Black Eyed Beans
FRESH BLACK-EYED BEANS
BLACK-EYED BEANS or Black-eyed peas may make a Southern New Year’s Day dish representing good luck, but it would be a shame to limit their consumption to special celebrations. Just 1 cup delivers 20 percent of the daily value of magnesium, calcium and iron, and that’s just the beginning of the nutrition black-eyed peas provide. These legumes contain a wealth of nutrients and are a delicious addition anytime of the year. Like most beans, black-eyed peas are loaded with vitamins and minerals such as potassium, calcium, magnesium, folate and iron. With 11 grams of fiber per one-cup (200-calorie) serving, black-eyed peas certainly give you your money's worth in terms of nutrition, if not future prosperity!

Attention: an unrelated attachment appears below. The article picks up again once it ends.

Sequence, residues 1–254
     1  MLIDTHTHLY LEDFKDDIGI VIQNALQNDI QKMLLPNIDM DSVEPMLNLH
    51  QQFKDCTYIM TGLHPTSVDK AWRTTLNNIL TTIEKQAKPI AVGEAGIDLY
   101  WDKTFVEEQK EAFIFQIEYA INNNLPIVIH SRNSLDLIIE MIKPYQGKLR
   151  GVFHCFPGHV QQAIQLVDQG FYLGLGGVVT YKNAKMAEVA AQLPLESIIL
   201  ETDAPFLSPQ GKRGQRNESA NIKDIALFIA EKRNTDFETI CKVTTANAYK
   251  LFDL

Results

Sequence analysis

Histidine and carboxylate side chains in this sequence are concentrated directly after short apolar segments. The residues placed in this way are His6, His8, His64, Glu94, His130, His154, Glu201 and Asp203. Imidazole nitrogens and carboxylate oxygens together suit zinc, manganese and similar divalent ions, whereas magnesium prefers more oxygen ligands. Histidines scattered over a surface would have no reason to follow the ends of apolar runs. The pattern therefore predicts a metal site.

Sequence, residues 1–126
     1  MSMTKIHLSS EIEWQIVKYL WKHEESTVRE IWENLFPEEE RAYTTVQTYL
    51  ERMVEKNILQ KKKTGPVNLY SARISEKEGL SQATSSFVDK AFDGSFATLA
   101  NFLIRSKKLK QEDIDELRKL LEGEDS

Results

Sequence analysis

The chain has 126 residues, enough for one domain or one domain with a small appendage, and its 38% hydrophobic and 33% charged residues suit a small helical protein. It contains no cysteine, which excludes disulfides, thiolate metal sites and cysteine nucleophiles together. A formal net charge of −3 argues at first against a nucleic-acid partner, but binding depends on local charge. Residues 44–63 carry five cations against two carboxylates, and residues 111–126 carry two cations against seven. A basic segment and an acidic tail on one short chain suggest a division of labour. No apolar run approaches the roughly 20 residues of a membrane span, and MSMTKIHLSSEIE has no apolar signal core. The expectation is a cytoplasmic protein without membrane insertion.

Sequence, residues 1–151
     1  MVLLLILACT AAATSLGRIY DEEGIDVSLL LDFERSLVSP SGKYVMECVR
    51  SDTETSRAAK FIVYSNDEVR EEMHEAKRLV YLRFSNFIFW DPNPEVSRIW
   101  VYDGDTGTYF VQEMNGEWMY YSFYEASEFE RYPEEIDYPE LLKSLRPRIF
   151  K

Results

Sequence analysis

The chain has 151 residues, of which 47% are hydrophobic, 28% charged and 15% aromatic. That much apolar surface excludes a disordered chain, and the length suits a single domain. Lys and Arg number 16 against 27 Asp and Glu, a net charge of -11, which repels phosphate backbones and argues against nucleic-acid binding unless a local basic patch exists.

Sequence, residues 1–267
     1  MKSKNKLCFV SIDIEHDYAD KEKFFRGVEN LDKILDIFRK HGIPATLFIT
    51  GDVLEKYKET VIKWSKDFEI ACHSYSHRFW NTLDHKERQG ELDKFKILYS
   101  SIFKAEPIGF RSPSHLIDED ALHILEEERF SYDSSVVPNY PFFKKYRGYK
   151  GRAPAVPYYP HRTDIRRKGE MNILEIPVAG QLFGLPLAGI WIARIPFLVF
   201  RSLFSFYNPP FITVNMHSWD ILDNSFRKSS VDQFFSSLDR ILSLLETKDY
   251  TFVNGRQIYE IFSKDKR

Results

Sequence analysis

One cup of cooked black-eyed peas, or cow peas, has 160 calories and negligible fat. Their 5 grams of protein represents 9 percent of the recommended daily intake for men and 11 percent for women. As with all legumes, black-eyed peas are especially good sources of soluble fiber, which helps prevent type 2 diabetes by keeping blood sugar balanced after you eat. Soluble fiber also binds to cholesterol and carries it out of the body.